Miskaa Malek 11.3
At Sir Jonathan North, history is a highly popular subject at GCSE. The history course builds upon the knowledge and skills acquired in Key Stage 3 and is designed to help the students understand the ever-changing world in which we live. Throughout the course students discuss and debate different views of history and how the past has shaped today’s world.
Through the various thematic studies, students learn about change and continuity over a long period of time; how sources become evidence and how they are used to conduct research; how the physical features of a site inform the historian’s understanding of an event or development in time.
The College follows the OCR History Syllabus B – Schools History Project, which allows the students to experience different aspects of British and world history. The course is split into five units, all of which are worth 20% of the final mark. Students take three written examinations at the end of Year 11.
At GCSE, history is an academic subject in which students study by using a mixture of classroom sessions and individual research. Reading widely and writing essay style answers are key to this subject. GCSE history is a solid basis for many A level subjects and beyond, in courses such as history, politics, law and economics. Additionally it forms a solid base for many careers as it trains the mind to think and process information, and to develop the ability to look beyond the obvious.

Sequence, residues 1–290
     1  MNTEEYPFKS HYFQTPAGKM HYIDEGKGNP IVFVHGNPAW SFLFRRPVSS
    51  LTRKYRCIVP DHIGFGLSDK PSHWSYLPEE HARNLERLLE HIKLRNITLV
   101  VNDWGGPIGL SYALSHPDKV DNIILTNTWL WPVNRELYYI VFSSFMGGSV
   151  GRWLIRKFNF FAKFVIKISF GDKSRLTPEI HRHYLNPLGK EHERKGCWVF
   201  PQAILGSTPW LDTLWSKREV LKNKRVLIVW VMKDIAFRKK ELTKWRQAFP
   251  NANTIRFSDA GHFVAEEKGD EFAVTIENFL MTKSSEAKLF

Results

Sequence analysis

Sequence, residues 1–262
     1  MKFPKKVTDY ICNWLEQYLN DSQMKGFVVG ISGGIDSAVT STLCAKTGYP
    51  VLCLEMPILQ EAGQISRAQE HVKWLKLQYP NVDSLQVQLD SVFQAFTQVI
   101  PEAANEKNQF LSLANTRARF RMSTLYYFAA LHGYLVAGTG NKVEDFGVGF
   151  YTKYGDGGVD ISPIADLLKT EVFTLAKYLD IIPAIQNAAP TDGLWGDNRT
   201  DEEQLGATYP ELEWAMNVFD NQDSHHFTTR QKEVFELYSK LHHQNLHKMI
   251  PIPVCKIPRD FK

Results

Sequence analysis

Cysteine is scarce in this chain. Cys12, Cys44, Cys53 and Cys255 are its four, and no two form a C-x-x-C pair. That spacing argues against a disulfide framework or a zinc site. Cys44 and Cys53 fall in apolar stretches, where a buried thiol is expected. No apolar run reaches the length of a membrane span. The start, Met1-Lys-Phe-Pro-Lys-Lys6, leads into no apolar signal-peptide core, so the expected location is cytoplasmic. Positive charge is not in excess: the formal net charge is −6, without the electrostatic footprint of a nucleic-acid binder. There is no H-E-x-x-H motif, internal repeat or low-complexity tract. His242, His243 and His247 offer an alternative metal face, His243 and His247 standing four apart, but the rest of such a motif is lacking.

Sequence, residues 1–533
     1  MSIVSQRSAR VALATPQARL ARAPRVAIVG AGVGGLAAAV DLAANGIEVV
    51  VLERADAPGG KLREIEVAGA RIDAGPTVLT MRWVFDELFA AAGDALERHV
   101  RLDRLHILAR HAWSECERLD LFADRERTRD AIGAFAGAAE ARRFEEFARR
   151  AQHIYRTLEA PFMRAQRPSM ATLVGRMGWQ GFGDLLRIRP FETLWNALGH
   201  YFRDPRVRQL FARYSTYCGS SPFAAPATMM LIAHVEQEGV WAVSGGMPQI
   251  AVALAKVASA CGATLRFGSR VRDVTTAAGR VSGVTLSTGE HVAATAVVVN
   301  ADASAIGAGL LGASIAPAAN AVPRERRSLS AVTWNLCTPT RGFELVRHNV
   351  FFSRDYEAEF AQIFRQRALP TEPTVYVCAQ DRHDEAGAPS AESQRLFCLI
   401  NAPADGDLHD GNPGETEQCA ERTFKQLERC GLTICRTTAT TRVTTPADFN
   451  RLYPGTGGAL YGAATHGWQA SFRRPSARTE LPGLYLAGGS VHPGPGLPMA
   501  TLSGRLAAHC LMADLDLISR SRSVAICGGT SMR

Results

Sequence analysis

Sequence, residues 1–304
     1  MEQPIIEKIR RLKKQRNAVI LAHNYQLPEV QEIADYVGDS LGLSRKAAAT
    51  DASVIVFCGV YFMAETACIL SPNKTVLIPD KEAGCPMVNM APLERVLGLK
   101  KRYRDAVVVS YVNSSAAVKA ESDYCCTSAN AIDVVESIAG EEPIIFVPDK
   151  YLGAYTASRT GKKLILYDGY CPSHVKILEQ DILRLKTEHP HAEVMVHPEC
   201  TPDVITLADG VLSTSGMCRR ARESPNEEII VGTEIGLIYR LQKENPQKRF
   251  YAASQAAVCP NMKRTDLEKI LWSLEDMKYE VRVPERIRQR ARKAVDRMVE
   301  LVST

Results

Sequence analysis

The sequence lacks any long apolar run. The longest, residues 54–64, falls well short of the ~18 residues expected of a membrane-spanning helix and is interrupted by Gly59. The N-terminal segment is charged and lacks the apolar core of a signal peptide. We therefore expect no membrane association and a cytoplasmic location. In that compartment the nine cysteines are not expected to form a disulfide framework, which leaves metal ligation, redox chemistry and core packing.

Programme of Study
- Autumn 1 - The People’s Health, c.1250 to present
- Autumn 2 - The People’s Health, c.1250 to present
- Spring 1 - The People’s Health, c.1250 to present, The Norman Conquest, 1065–1087
- Spring 2 - The Norman Conquest, 1065–1087
- Summer 1 - History around us (Site study – Nottingham Castle)
- Summer 2 - The Norman Conquest, 1065–1087
- Autumn 1 - The making of America, 1789-1900
- Autumn 2 - The making of America, 1789-1900
- Spring 1 - The making of America, 1789-1900
- Spring 2 - Living under Nazi Rule, 1933–1945
- Summer 1 - Living under Nazi Rule, 1933–1945
- Summer 2 - Living under Nazi Rule, 1933–1945
For the GCSE course the textbooks ‘The People’s Health’ (ISBN 9781471860089) and ‘The Norman Conquest’ (ISBN 9781471860867) can be purchased from the Hodder education website (among others).
Top tips to support your daughter in History:
- Encourage your daughter to discuss the topics learnt at home and read about and watch documentary programmes relating to our topics.
- Check your daughter is preparing regularly for her history lessons and completes her homework.
- Help your daughter to find out which revision techniques suit her best and help her get organised.
- For GCSE History, attend the Parents’ Evening in Year 10 and Year 11 for information on her progress and the History Parent Forum as preparation for the final exams in Year 11.